Teresa Ghilarducci is a labor economist who directs the Retirement Equity lab at The New School. She sums it up this way:

“The idea that everyone should work longer since everyone is living longer is one used to justify policy proposals such as cutting Social Security benefits. But that idea is a misleading oversimplification.

The Retirement Equity Lab at The New School (a project I direct) has pointed out that the growing class and racial gaps have dire implications for retirement policies. A cut to Social Security benefits—which raising the retirement age, an oft-suggested proposal, essentially is—would induce people without means to work in old age. This would produce an unseemly form of inequality: The people who live the longest will be able to retire, and the people who have to work longer will be the same people who are losing at longevity. The poorer will work and the richer will play in old age, a class divide we’ve already seen in the 19th and early 20th centuries. If post-work benefits are not shored up, this disparity will only get worse.”

It's Time to Expand Medicare

The National Committee to Preserve Social Security & Medicare celebrated Medicare’s anniversary at a Capitol Hill event today with Congresswoman Debbie Dingell (D-MI), Congresswoman Jan Schakowsky (D-IL), Johns Hopkins researcher, Dr. Frank Lin and Michigan senior, Ann Liming, who has hearing loss, urging Congress to allow Medicare to provide hearing aid coverage for millions of older Americans.

“The reality is that while Medicare provides critical health coverage to millions of beneficiaries there are very serious gaps which exist. We are working to address the hearing aid issue immediately. The Hearing Aid Coverage Act of 2015 is the first bill I’ve introduced because I think this is so important.  No one should feel isolated, confused or shut out from the world because they can’t afford the treatment they need.”...Rep. Debbie Dingell (D-MI)

“This is a really serious issue.  It costs thousands of dollars for hearing aids yet the vast majority of seniors who need them don’t have them because they simply can’t afford it.  That comes with a high cost to society and healthcare costs in Medicare.” ...Rep. Jan Schakowsky (D-IL)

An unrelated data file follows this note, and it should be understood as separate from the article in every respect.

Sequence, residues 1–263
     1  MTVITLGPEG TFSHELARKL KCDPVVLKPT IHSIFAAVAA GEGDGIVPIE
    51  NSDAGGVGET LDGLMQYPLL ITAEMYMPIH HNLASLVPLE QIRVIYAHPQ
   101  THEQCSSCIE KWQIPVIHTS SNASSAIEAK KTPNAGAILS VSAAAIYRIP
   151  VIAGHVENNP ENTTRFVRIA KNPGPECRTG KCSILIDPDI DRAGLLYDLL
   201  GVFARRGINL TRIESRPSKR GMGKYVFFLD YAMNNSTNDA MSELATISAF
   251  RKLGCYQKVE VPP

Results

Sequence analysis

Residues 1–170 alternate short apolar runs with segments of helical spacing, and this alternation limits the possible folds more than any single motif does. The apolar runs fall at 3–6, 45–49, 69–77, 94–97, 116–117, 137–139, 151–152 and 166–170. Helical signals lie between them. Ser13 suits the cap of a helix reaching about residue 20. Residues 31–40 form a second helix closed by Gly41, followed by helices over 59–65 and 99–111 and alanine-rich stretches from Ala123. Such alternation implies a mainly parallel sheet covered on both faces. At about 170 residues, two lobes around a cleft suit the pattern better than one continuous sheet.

The effects of hearing loss are devastating.  48 million Americans suffer some degree of hearing loss making it a serious public health threat behind heart disease and arthritis.  One out of three people over 65 has a hearing loss with more than 65% of those suffering a loss before retirement age. Research has shown older adults with hearing loss are 32% more likely to require hospitalization, face a 24% increased risk for cognitive impairment and increasingly suffer from isolation and depression.

“We are beginning to understand now that there are direct biological pathways through which age-related hearing loss, which all of us will experience to some degree, directly contributes to even more serious critical outcomes which are incredibly expensive. Hearing loss reaches far beyond quality of life issues.”...Dr. Frank Lin, M.D., Ph.D., Johns Hopkins School of Medicine and Bloomberg School of Public Health. 

As we celebrate Medicare’s 50th anniversary on July 30th, it’s important to note that one of Medicare’s most important hallmarks is the program’s long and successful history of evolving to address the changing demographic and health security needs of America’s seniors. It’s time for Congress to address the mounting evidence that hearing loss has wide implications for the Medicare program.